Your consultation

Chiropractic is a health care profession focusing on disorders of both the musculoskeletal system and the nervous system and the effects of these disorders on general health.  Chiropractic care is used most often to treat neuromusculoskeletal complaints, including but not limited to:

  • back pain;
  • neck pain;
  • pain in the joints of the arms or legs; and

Chiropractors are also trained to recommend therapeutic and rehabilitative exercises.

The purpose of a “spinal manipulation” or “chiropractic adjustment” is to restore joint mobility by manually applying a controlled force into joints that have become restricted in their movement.  Manipulation or adjustment of the affected joint and tissues restores mobility, thereby alleviating pain and muscle tightness allowing tissues to heal.

Chiropractors use the honorary title of Doctor; when using the title practitioners are required to ensure it is clear to the public that they are Chiropractors. 

Informed consent

  • Every competent person has the right to agree or refuse (or withdraw consent) to have a proposed treatment, procedure, or intervention. Providing an intervention or treatment without consent may be unlawful and/or a breach of professional obligations.

    To give informed consent a patient must be accurately and adequately informed about their condition, the proposed treatment, procedure, or intervention, and be provided with information in a language, style and form that can be easily understood. 

    Patients also have a right to an environment that enables both the patient and chiropractor to communicate openly, honestly, and effectively.  This includes a right to physical privacy and to have another person or persons present to provide support during discussions.

    Informed consent must be obtained for each proposed treatment, procedure, or intervention. In situations where the agreed treatment plan involves a series of procedures or interventions, consent for the plan of treatment must be obtained prior to the treatment starting but it is usually not necessary to obtain new consent at each treatment visit.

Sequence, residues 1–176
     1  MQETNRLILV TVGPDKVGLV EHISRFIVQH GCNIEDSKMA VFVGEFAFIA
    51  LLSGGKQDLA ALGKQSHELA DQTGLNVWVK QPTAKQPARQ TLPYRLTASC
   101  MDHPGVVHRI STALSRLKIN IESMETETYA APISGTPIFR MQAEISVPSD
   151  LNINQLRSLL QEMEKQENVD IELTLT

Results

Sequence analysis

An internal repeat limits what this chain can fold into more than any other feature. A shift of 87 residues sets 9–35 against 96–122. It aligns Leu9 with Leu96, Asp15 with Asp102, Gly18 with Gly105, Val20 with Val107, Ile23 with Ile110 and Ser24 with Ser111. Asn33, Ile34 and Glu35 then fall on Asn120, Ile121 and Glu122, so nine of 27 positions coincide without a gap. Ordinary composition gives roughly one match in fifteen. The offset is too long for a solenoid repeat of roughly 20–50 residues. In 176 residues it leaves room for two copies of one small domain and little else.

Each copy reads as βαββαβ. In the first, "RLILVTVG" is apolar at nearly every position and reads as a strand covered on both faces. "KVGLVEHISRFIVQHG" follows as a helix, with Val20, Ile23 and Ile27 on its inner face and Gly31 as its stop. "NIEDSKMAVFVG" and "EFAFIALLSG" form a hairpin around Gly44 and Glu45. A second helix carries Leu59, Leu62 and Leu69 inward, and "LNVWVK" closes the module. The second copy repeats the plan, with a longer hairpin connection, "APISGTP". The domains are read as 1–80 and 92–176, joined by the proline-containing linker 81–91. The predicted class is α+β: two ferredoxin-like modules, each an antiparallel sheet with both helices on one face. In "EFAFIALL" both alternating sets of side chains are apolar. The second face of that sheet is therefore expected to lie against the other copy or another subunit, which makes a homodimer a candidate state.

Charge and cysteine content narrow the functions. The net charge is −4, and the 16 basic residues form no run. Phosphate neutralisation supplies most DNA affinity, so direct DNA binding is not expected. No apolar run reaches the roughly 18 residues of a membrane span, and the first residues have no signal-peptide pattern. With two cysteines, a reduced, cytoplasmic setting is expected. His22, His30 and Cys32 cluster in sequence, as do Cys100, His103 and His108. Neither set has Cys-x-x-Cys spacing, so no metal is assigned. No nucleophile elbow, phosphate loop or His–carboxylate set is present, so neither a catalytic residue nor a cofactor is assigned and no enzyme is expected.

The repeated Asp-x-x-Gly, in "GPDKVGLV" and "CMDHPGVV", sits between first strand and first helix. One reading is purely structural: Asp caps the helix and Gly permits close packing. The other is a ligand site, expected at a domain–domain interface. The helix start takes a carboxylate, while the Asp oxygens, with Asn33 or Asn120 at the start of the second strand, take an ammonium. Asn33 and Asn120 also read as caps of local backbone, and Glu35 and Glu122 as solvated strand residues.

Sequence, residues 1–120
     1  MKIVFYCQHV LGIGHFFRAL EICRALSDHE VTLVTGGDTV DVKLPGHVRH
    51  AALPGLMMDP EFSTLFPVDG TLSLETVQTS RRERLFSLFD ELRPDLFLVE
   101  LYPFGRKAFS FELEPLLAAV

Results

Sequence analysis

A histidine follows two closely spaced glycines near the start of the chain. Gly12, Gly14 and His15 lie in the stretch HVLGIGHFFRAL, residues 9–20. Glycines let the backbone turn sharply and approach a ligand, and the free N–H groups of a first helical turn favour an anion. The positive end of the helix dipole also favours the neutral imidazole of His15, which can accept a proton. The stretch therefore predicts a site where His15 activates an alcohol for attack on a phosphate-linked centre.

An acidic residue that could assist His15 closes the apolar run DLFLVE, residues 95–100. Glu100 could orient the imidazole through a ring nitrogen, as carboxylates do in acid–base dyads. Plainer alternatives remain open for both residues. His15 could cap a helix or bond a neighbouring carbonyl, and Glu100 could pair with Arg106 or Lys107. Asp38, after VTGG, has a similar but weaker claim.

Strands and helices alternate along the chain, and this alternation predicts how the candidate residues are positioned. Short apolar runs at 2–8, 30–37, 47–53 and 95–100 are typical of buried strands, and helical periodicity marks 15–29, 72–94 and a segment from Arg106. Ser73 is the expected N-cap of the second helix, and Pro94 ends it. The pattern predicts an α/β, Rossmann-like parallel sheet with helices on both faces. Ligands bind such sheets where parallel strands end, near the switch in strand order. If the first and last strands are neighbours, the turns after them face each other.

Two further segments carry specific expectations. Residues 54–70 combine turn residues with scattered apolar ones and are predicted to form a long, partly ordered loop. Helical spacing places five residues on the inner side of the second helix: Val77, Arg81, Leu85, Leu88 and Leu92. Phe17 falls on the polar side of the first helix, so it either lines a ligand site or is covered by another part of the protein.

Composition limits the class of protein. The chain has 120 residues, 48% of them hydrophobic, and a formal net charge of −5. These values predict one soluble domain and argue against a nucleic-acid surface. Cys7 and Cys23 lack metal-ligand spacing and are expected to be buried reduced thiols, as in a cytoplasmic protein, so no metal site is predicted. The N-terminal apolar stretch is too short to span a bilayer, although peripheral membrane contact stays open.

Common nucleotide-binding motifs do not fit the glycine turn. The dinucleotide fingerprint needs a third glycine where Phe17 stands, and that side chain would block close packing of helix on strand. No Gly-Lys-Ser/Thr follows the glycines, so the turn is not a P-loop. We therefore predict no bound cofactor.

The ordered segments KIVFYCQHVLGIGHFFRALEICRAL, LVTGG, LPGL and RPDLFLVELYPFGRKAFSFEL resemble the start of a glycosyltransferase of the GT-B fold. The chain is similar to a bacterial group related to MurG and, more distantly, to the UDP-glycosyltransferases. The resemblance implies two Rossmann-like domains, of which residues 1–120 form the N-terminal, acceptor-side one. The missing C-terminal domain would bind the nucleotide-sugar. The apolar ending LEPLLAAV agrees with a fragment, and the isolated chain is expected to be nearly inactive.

Updated or new consent should be obtained if:

    1. the treatment plan is varied from that originally consented to,
    2. there is a change in the costs of the treatment,
    3. or where there is any change in the patient’s condition or risk profile.

    Should the agreed plan change, the proposed change, the reason for the change, any change to the cost of the treatment and any other information the patient would expect to receive to make an informed decision whether to proceed with the proposed change should be discussed with the patient and new or updated consent obtained.

  • A typical initial chiropractic consultation will include a thorough medical history and detailed examination to determine the need and appropriateness of chiropractic care. You will be advised if further tests are required, or if referral to another health care provider would be best in your case.

    There are many different approaches and techniques used by chiropractors, because of this the treatment approach taken by one chiropractor might be significantly different from that of another.  However, all chiropractors will need to take a patient history and receive your informed consent before treatment.

    If your chiropractor believes you will benefit from receiving chiropractic care they will outline a plan of care tailored to your needs. This will sometimes involve a series of adjustments over a period of time, each building on the ones before.